No Heart More Filled With Love – Mildred Helen Brodnax Kinnaird
My Granny was probably the kindest, most open-hearted person I’ve ever met in my life. She had such warmth and generosity of
spirit that it just spilled over into the people around her, making their lives better and happier for knowing her. With her birthday and Mother’s Day both just around the corner, I always find myself thinking of her a lot at this time of year, especially when I pass a garden bursting with spring flowers.
Mildred was born deep in cotton country in northern Louisiana in May of 1919. She lost her father when she was very young, at a time when there weren’t many ways for a widowed mother to make money. She was the middle child of the five her mother raised on meager income from taking in washing. There was never much money to go around, and by the time she was 16 her mother was so ill that Mildred had to leave school to care for her siblings and to work in a laundry on the mangler, which was backbreaking and sometimes dangerous work. Despite this, she was happy, and remembers her childhood fondly.
She and my Papa, Julian Kinnaird, married in 1937. They had five surviving children together, of which my mother was the youngest. In a time when families are more mobile than ever and half of all marriages end in divorced, I’ve always been proud of how tightly my mother’s large family is bound together, and Granny was the glue. No one would have dreamed of missing a holiday dinner, no matter how far we had to drive. None of us wanted to make Granny sad, or to miss out on her amazing cooking. There were few things in my childhood that ever made me so excited as that first glimpse of Granny’s porch lights from the highway after the long drive up for a visit. We would spend long stretches of summer days climbing trees and playing hide and seek in her gardens, which were so extensive and beautiful that complete strangers would pull off the highway to knock on her door and ask if they could stop in her yard and enjoy her flowers.
No matter what life threw at her, Granny never lost her appreciation for life. A glass of iced tea on a beautiful day, the gift of a half-crushed wildflower from a granddaughter – these simple pleasures would light her up with happiness. I don’t think I’ve ever known anyone else who enjoyed life as much as she did, even when things were tough. Even as she nursed Papa through Alzheimer, and even through his death in 2002, I never once heard her voice a complaint. She had ups and downs, like anyone, but the moment a child walked into the room all cares were forgotten in favor of hugs and play, storytime and careful, respectful conversation. No matter what happened in my life, for as long as I had my Granny, I knew that someone loved me immensely, that my life and my happiness mattered, and that someone was proud of me. That’s the best gift anyone can ever give a child, and I will never stop being grateful for her love and unwavering support.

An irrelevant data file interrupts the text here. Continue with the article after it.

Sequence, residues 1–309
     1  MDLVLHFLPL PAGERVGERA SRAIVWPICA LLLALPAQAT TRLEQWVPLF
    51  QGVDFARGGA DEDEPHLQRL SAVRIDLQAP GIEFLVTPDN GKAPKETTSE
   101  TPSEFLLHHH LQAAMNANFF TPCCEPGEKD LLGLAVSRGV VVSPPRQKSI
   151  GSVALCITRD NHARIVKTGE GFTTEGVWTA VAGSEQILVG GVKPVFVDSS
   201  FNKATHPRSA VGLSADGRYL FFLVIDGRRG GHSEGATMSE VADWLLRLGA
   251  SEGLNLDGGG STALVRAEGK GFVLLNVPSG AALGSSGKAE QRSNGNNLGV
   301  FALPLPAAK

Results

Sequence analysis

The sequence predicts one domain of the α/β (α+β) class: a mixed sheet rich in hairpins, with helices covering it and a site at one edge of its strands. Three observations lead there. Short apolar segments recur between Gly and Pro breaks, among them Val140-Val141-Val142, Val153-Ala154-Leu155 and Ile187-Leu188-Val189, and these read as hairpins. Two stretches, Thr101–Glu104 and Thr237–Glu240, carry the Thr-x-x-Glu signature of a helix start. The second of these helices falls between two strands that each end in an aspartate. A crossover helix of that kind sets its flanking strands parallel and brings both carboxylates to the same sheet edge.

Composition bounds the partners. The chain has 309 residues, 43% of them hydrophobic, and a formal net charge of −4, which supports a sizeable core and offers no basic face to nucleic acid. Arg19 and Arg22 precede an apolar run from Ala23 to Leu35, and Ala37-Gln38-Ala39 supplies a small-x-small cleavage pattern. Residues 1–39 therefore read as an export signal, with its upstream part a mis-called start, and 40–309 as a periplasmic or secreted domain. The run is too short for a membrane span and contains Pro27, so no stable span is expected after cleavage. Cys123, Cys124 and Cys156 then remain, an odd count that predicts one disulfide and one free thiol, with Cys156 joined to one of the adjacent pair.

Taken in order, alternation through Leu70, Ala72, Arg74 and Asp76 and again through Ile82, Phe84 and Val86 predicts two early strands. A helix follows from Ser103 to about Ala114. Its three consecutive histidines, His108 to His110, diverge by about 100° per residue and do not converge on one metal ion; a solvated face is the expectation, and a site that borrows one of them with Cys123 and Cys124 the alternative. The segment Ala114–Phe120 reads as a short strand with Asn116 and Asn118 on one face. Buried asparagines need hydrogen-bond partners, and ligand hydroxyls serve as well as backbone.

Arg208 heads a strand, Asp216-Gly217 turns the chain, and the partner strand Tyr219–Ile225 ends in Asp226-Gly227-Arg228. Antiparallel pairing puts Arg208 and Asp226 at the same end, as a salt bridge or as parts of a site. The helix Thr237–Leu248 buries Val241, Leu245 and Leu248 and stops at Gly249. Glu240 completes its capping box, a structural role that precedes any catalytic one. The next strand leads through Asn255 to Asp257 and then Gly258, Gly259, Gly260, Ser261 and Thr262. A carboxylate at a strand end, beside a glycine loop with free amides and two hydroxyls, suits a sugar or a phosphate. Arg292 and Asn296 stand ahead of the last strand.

Nothing made Granny happier than her family – except maybe Christmas (though of course the two went hand in hand). We would decorate everything on her property – the house, the trees, the bushes, the front lawn – everything was covered in lights and big handmade wooden decorations. Inside was always just as festive; as soon as Thanksgiving dinner was over, before the dishes were even done, we would open up dozens of little hiding spaces throughout the house and swap every lamp, every candle, every flower arrangement, every dish towel, every blanket with a Christmas version, every candy dish and pot-holder. There wasn’t an inch of her home or yard that wasn’t saturated with holiday cheer. We would blow out the power over and over until we got the balance of extension-cords-per-socket worked out just right.
Granny left us in 2010 after a long life well lived and was reunited in burial with her husband. During her life, it was very important to her to know that the graves of her lost loved ones were well cared for, and that they were decorated for holidays and birthdays. Her children and grandchildren pay it forward by visiting her grave regularly to make sure it always looks its best – especially for the holidays.